However perfectly you greet someone however, you should prepare to be laughed at because your pronunciation will be so cute to the person you are talking to.

The Touch Barrier

You must not touch anyone of the opposite sex except in rare circumstances. This includes holding your hand out to help them up, patting them on the back, putting your arm around them in photos, and hugging. It’s a hard habit to get out of since in the UK we are used to touching our friends, but it will give the wrong impression if you do!

Same-Sex Interaction

Although the touch barrier is so strict among men and women, it is the opposite when it comes to someone of your own gender. Friends will link arms, put their arms around each other, lean on each other whilst talking and put their hands on someone’s shoulder or knee – especially men. This can be a little uncomfortable to people from the UK who aren’t used to so much contact, but after a while you understand it as a sign of friendship.

Shoes Off

Most popular in Cambodia wear flip-flops or sandals, and as well as keeping your feet cool it also makes it easier when it comes to shoe etiquette. It is impolite to wear shoes indoors and most people will expect you to take them off before you go inside, even in the outhouse. (Usually toilets will have a pair of flip-flops for everyone to use inside the room due to this rule.) The exceptions are restaurants and most shops, but be careful to check before stepping inside for shoes outside the door in case the rule still applies.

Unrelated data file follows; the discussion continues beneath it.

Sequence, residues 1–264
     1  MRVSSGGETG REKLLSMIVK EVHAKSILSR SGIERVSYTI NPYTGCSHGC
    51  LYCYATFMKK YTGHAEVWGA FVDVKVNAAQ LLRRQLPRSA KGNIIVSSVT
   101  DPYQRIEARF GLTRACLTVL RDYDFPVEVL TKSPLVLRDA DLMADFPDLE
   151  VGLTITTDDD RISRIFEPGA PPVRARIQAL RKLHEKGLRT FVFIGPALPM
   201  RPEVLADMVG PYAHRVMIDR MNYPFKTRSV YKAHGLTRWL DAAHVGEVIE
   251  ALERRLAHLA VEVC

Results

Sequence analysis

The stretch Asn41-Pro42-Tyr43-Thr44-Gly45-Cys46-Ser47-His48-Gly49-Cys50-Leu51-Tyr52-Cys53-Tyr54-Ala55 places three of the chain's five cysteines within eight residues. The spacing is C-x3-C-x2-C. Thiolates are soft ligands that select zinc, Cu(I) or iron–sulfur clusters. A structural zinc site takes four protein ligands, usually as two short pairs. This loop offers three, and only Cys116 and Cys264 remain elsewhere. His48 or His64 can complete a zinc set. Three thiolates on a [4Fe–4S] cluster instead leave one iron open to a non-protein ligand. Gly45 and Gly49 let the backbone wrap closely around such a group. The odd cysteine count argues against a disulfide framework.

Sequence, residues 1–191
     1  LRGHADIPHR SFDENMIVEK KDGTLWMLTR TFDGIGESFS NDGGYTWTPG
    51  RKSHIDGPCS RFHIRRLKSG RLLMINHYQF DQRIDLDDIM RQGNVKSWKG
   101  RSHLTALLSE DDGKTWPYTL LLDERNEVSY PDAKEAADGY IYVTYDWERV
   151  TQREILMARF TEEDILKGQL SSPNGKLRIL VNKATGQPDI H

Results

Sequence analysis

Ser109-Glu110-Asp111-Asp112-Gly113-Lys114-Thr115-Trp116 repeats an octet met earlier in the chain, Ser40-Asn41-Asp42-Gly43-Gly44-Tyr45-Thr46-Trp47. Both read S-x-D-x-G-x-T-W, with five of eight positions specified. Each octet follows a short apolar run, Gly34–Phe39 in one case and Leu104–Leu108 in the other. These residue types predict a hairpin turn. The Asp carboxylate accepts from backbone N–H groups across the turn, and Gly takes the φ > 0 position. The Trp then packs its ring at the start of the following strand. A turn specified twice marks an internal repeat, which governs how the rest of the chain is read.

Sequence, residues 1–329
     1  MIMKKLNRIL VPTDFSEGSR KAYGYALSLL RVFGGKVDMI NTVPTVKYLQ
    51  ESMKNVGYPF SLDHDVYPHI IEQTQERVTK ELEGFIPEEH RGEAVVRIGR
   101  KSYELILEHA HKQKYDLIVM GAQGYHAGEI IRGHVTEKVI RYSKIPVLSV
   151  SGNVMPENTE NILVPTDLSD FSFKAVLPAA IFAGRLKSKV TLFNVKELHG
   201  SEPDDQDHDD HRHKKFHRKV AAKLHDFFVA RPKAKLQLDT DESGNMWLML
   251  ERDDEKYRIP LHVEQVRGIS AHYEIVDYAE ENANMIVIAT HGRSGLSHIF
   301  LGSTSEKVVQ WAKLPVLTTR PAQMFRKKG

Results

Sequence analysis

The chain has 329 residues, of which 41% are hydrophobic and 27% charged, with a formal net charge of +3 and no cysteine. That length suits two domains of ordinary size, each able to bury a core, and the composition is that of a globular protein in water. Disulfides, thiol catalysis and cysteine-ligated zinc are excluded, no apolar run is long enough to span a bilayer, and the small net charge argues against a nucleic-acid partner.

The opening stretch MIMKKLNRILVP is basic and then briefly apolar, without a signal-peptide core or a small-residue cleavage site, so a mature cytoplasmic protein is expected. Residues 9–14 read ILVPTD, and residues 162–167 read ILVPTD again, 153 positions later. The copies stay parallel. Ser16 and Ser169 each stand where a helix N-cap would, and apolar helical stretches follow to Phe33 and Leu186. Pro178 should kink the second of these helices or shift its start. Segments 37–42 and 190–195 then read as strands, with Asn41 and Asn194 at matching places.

Hands

It is rude to use your left hand when giving people things as, due to washing with water after using the toilet, it is considered unclean. Some Khmer will, but you will see a noticeable difference in their response when you give people money with your right hand, and even more when using both hands, which is very polite. You should always give and receive gifts with both hands.

Thank You

People in Cambodia rarely say thank you, and at first it can be a bit surprising and offensive to people from a culture where “thank you” is given for anything from a cup of tea to receiving change. Nevertheless it is still the most useful word you will learn in any language, including Khmer. “Arkun” is what we are told means thank you, but it actually translates as an informal “cheers” kind of meaning. If you want to say it with meaning, e.g. if someone has shown you kindness, adding “juran” to the end will show your gratitude.